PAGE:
25 Mar Copperhead Kangaroo Killer Pale Ale by Tony
Kangaroo Killer Pale Ale
Packaging: Draft, 12oz. Bottles
It’s pretty amazing when you get a sneak peak at something. It’s even better when the experience is great, and the back-story is totally worth sharing! We met with Seth yesterday to taste Copperhead Kangaroo Killer Pale Ale. It’s a bit of a tweak from the last iteration, and it’s delicious. But as with most things beer-related, the beer is just the thread that weaves the story together.
Kangaroo Killer Pale Ale has some pretty rad artwork. The labels feature red, burgundy, and bright orange with Copperhead’s typical grungy, illustrative style. This one has, you guessed it, a snake tearing into a Kangaroo.
You see, Kangaroo Killer Pale Ale was initially born with another name. It was Yellow Tail Pale Ale, catchy, rhyming, and named after the yellow tails that copperhead snakes have as babies – a perfect name! However, Seth and Alicia got hit with a cease and desist from some big shot winery along with a poignant email, detailing that Copperhead was intentionally trying to damage their brand. Long story short, they changed the name, but there’s quite a bit that took place in between.
When you go to the brewery, ask Seth about this story, and let him tell you his reply to them. It’s hilarious, and there’s no way in hell I can do it justice in this post – you just have to hear him say it, rolling his eyes and laughing the whole time.
(A baby copperhead with a yellow tail. Photo credit: Virginia Herpetological Society)
Kangaroo Killer Pale Ale poured a light gold, and a little hazy. It had a smooth-as-velvet mouthfeel with lots of tiny bubbles. It poured with a tiny bit of chalk-white head, but the head scattered off like a snake in the bushes, and it left quite a bit of delicate lace along the walls of the glass.
I think there are mild beers and there are subtle beers. Kangaroo Killer Pale Ale was subtle in the very best way. The aroma of this sneaky little Pale Ale was super-bright and citrusy. Sitting at a subtle 5% ABV, it’s crushable, and just like a tiny baby copperhead, it could get dangerous real quick!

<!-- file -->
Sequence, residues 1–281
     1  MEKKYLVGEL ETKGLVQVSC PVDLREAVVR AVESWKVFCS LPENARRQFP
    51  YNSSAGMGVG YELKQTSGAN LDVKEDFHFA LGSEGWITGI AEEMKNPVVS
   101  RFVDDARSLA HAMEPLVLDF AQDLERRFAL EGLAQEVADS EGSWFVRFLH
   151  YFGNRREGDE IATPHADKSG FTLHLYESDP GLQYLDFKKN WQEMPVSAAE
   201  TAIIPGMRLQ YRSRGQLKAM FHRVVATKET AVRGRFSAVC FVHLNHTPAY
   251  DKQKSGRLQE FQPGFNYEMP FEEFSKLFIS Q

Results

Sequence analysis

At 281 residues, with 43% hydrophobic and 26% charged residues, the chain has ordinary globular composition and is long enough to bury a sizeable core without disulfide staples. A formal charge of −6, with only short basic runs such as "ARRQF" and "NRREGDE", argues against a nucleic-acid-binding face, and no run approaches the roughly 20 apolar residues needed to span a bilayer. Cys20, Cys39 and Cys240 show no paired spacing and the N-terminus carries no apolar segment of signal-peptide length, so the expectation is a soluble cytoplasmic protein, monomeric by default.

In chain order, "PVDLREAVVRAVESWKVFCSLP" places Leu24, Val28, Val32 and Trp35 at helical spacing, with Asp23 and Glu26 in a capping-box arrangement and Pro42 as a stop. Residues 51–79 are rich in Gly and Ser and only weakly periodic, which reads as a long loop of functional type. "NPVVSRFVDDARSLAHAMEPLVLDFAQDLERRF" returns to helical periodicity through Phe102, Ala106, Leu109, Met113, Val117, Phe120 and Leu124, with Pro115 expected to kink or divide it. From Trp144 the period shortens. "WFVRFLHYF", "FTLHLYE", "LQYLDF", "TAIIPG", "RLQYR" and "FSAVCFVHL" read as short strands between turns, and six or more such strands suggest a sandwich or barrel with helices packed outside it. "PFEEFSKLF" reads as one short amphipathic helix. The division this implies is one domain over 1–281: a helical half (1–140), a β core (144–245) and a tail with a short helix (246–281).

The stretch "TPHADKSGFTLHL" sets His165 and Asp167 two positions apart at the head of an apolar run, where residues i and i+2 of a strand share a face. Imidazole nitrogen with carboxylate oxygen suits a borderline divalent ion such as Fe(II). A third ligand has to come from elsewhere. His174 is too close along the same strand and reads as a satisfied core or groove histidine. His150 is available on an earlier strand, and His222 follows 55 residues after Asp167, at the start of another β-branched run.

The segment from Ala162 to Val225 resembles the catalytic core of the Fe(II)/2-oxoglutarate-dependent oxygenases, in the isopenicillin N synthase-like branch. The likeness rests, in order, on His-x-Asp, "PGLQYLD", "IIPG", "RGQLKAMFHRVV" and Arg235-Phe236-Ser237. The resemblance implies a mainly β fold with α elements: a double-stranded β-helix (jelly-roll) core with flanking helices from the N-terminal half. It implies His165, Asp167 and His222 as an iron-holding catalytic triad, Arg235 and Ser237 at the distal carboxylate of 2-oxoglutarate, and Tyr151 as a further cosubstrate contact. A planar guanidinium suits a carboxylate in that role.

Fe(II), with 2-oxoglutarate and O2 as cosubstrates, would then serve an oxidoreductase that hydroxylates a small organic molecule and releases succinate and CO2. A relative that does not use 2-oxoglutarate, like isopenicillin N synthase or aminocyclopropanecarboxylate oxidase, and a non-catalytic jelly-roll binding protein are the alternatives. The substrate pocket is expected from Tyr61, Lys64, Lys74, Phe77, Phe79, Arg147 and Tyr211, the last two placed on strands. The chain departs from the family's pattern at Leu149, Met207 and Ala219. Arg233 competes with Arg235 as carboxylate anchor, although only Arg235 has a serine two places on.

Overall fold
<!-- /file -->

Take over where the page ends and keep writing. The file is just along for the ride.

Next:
When you first take a sip, you’re greeted by those citrus notes on your nose and palette, and there’s a refreshing splash of the most subtle sweetness. That’s followed again, by a subtle bitter finish with some fruity, citrusy hop flavor nots that linger – Chinook and generous Azacca hops. Last time it was brewed with German Melon hops, but Seth wasn’t satisfied.
The last few weeks of beer in Houston have been filled with Hazy IPAs and the likes, and Kangaroo Killer Pale Ale might be able to join the convo. Copperhead’s not calling it a hazy this or a Northeast/New England that; it’s just a good pale ale. However, the bright citrus notes and recent events make it a relevant comparison. If you’ve had and loved Striker IPA (I did.) or Saint Arnold Pub Crawl Pale Ale, I think this would be a good beer for you. It’s much more comparable to the latter, though.
Kangaroo Killer Pale Ale’s another great beer from Copperhead. I’m giving it a 4 because as I take a sip, it’s refreshing and makes me sad I had to leave after just one. A second definitely woulda hit the spot.
I expected it to be a little more hazy and Northeastern, just because of the recent events I suppose, but it wasn’t as punch-you-in-the-face-juicy as those, although there were definitely some subtle, comparable, notes. That’s not a discredit to the beer, just faulty expectations on my part.
Seth brewed up 30 barrels of the Kangaroo Killer, and it went half and half kegs and bottles. It’s going to be a regular rotation, but with ever increasing demand for Striker (and rightly so) and the recent drought of Medusa, it’ll probably dry up soon, and you’ll be left wishing you didn’t sleep in.
They’re about to double up their capacity in the next few months, and Striker (and other hop-forward offerings like Kangaroo Killer and Feeding Frenzy) will move to cans soon. That little beauty up there to the right is their can mockup.
They’ve got 10 cases on hand, and sales start at noon, but there’s a two 6-pack per person limit, so bring a friend. Or don’t. Some folks will call you shady for hogging all the beer when they get left out because they didn’t show up early.
This beer is great. I think once word gets around, it’ll be another highly-demanded ale just like Striker, (which recently got cold-box mandated in Houston HEB’s). Did you have the last iteration of Kangaroo Killer, with the German Melon hops? How’d you like it? Let us know in the comments below. Beers to you, Houston.
KANGAROO KILLER PALE ALE UPDATE 5/25/2017:
So, this is the new batch that is a little different. Seth used the yeast from Feeding Frenzy. He’s planning on repitching the yeast between these two beers, and he double dry hopped this batch. He said it will be ready for crowlers this Friday (5/26/2017) and maybe bottles this weekend.
Beers to you, Houston!
Dennis ferayPosted at 10:13h, 25 March
The new Roo Killer 2.0 is really refreshing and crispy but still has a lot of citrus and some apricot flavors as it warms. This has definitely moved up in my book from the first round. Copperhead is doing it right!
Beer ChroniclePosted at 17:44h, 06 April
It’s always refreshing to read criticism when it’s refreshing and not all elitist, holier-than-though. Cheers to you for that. Also, you’re on point! lol